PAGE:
I'm looking at the potential to use residual laser toner as a replacement for colored embossing powder; they're pretty similar (given the caveat that toner is messy stuff to handle and clean up). I couldn't find anything in online searches.

Embossing powder is used in several ways. What might be the most practical for toner is melting it in a melting pot and pouring it into molds as a casting resin. But I don't know if toner is formulated to flow as a liquid when it melts.

The main way embossing powder is used is to add a 3D appearance to ink (i.e., embossing). That may be a challenge for toner. One big difference between the two is grain size.

Embossing powder has much larger grains. They're small and light enough to stick to the ink, but large enough to melt and flow together to form a raised plastic layer.

Laser toner has microscopic grains. They melt and stick to the paper, but a layer of toner particles is so thin that it doesn't form a raised layer. A big issue with toner would be getting a thick layer to stick to the ink.

People do color clear embossing powder by adding colored powders to it. So toner could theoretically be added to clear embossing powder. However, the tiny particles may interfere with the embossing powder sticking to the ink. Also, this doesn't seem like results would be consistent, and the toner color would be greatly diluted. This solution also requires expensive embossing powder in order to use the free toner.

Has anyone explored toner as a replacement for embossing powder (for either embossing or casting), and can provide insights on doing either one successfully?

1 Answer 1


You should not handle toner powder at all without a high quality filter mask and potentially safety glasses. Loose toner is a health risk for the respiratory system due to it's particle size. It's not toxic, but some studies compare it's effects to the fine dust of diesel exhaust or even asbestos. You should at least expect an irritation or even inflammation of the upper respiratory system. (Source1, source2)

In any case, have a look at the material safety data sheet of the toner cartridge you want to open before exposing yourself and others to the powder.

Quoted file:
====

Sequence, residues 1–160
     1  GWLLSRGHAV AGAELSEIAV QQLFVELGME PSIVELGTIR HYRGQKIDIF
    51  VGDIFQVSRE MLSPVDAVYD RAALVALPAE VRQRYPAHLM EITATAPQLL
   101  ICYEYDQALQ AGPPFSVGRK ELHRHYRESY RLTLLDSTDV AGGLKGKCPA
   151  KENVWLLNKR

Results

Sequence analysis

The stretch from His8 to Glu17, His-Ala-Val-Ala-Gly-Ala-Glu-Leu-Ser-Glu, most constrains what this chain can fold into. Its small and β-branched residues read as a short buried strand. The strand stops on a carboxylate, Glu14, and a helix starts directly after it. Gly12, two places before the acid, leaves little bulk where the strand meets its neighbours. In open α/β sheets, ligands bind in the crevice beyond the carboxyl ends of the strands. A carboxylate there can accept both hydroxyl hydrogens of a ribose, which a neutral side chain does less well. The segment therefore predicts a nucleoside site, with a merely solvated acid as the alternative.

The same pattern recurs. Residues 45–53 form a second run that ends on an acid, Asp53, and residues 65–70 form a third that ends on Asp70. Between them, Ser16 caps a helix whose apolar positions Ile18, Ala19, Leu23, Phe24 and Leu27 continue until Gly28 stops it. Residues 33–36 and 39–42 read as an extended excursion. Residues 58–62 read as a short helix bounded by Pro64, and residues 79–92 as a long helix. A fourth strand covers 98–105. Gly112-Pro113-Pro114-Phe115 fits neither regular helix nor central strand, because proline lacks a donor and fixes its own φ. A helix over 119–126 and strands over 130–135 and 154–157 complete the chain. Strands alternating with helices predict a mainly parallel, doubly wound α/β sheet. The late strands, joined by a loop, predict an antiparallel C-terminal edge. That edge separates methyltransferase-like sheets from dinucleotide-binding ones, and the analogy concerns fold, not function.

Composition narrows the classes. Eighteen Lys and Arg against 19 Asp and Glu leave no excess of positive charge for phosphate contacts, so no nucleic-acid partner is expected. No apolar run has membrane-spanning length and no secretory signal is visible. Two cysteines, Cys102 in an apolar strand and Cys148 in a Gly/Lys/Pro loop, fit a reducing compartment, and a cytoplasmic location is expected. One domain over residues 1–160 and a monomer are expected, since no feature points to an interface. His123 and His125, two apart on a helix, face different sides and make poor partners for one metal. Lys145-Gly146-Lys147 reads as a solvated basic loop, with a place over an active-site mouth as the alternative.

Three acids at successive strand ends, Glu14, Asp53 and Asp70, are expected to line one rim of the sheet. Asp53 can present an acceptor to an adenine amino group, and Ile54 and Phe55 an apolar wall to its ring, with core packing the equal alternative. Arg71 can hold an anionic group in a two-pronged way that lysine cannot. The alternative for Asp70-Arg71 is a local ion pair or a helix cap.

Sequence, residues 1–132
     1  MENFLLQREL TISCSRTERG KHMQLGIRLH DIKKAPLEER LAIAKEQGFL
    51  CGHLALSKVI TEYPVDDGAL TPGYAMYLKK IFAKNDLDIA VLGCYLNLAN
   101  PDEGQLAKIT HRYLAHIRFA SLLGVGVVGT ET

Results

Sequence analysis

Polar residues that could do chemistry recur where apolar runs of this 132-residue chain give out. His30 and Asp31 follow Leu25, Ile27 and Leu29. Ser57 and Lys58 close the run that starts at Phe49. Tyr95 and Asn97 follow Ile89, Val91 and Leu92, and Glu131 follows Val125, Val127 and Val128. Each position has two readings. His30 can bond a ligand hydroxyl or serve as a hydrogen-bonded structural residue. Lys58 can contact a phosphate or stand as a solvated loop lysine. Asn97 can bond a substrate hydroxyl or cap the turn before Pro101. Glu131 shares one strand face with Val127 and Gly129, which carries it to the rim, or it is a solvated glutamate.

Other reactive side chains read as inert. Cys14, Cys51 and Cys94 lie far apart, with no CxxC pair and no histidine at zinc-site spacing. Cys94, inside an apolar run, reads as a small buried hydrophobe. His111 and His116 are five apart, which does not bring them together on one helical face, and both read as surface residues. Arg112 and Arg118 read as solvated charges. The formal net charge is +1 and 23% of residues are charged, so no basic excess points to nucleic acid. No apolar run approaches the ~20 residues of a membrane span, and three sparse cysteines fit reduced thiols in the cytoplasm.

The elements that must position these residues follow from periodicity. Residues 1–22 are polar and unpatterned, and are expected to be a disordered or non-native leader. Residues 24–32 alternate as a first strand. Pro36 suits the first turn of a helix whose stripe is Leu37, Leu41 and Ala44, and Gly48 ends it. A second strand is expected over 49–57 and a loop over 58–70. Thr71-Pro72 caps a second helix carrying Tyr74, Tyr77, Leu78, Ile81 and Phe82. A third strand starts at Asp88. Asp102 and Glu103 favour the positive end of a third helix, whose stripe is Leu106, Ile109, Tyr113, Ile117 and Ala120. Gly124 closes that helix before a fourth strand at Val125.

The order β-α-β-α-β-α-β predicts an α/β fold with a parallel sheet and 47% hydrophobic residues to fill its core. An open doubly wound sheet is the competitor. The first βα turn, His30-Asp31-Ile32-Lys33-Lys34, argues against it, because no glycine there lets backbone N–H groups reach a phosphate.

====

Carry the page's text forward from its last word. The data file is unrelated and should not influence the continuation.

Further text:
Apart from the health issues, the melting tempetature of toner is 120°C / 250°F (which is lower than that of embossing powder) and at that temperature it should have a viscosity of oil (Source, PDF). But I doubt that you could cast anything in toner, especially left-over toner from an empty cartridge, because the volume of melted toner is much less than the powder would suggest.

I have no experience with embossing, but as far as I know it works pretty much like laser printing. You make a powder stick to certain areas on paper, then melt the powder to fuse it with the paper. You should be able to achieve the same effect with toner. I just propose using a heat source that doesn't blow the toner all over the place like a heat gun would do. Due to the small particle size I wouldn't expect it to feel any different from a laser printed paper.

A more practical approach could be binding the toner in a liquid and using it like an ink. You should be able to stack up a thicker layer of toner that way and achieve the desired 3 dimentional effect. In this video she mixes loose toner powder with isopropyl alcohol and a bit of school glue to get a fairly liquid ink / paint. And in this one she uses a different recipe for toner paint, and at around 13:20 minutes you see how shiny the toner got from being melted.

  • Some great finds; thanks. I was aware of the health risks, but for any readers landing here, I'm glad you included it. BTW, the residual toner isn't just residue in the empties. If your printer dies and your new printer doesn't take the same cartridges, you can have almost full cartridges, or even a supply of unopened ones. But you're probably right that it won't go very far if you melt it down. I had thought about spreading a thin layer on a silicone pad, heating it just enough to fuse some of the particles, then grinding and filtering to get a grain size close to embossing powder. (cont'd)
    – fixer1234
    Sep 21, 2019 at 22:44
  • But mixing it with a liquid carrier sounds like a much simpler approach. In the video, alcohol did a better job of wetting the toner than water, but it didn't become a useful liquid until some glue was added. It's worth experimenting so see if a usable ink could be made; something to hold the toner together until it's heated. Adding toner as a colorant for glue, then using that with stencils would be a good way to get a thick layer, and the glue is a lot cheaper than embossing powder. (cont'd)
    – fixer1234
    Sep 21, 2019 at 22:45
  • In the video, the mixture dried to a flat finish (maybe because toner is similar to the fine powder added to finishes to make them flat). It got shiny by running it through a heat laminator and molding the melted mixture against a shiny release sheet. That may have been mostly the glue. But it would be easy enough to try a heat gun and see what happens (or just replicate the laminator and release sheet).
    – fixer1234
    Sep 21, 2019 at 22:45

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